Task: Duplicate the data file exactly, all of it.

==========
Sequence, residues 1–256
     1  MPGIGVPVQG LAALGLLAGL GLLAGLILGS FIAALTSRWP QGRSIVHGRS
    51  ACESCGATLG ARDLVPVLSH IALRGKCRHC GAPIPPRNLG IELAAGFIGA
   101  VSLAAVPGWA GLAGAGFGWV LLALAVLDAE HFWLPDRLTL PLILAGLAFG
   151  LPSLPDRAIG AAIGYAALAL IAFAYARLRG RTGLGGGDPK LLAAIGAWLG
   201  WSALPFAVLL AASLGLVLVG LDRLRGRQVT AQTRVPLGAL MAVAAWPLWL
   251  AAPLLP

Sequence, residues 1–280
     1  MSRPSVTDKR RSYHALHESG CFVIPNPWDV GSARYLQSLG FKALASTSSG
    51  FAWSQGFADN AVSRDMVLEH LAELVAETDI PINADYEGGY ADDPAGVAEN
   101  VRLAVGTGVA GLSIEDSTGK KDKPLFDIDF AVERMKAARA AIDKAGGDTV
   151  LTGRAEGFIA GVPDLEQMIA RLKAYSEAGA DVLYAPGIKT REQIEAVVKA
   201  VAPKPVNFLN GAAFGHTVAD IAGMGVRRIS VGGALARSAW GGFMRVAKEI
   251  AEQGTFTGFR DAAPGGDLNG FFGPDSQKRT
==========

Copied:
Sequence, residues 1–256
     1  MPGIGVPVQG LAALGLLAGL GLLAGLILGS FIAALTSRWP QGRSIVHGRS
    51  ACESCGATLG ARDLVPVLSH IALRGKCRHC GAPIPPRNLG IELAAGFIGA
   101  VSLAAVPGWA GLAGAGFGWV LLALAVLDAE HFWLPDRLTL PLILAGLAFG
   151  LPSLPDRAIG AAIGYAALAL IAFAYARLRG RTGLGGGDPK LLAAIGAWLG
   201  WSALPFAVLL AASLGLVLVG LDRLRGRQVT AQTRVPLGAL MAVAAWPLWL
   251  AAPLLP

Sequence, residues 1–280
     1  MSRPSVTDKR RSYHALHESG CFVIPNPWDV GSARYLQSLG FKALASTSSG
    51  FAWSQGFADN AVSRDMVLEH LAELVAETDI PINADYEGGY ADDPAGVAEN
   101  VRLAVGTGVA GLSIEDSTGK KDKPLFDIDF AVERMKAARA AIDKAGGDTV
   151  LTGRAEGFIA GVPDLEQMIA RLKAYSEAGA DVLYAPGIKT REQIEAVVKA
   201  VAPKPVNFLN GAAFGHTVAD IAGMGVRRIS VGGALARSAW GGFMRVAKEI
   251  AEQGTFTGFR DAAPGGDLNG FFGPDSQKRT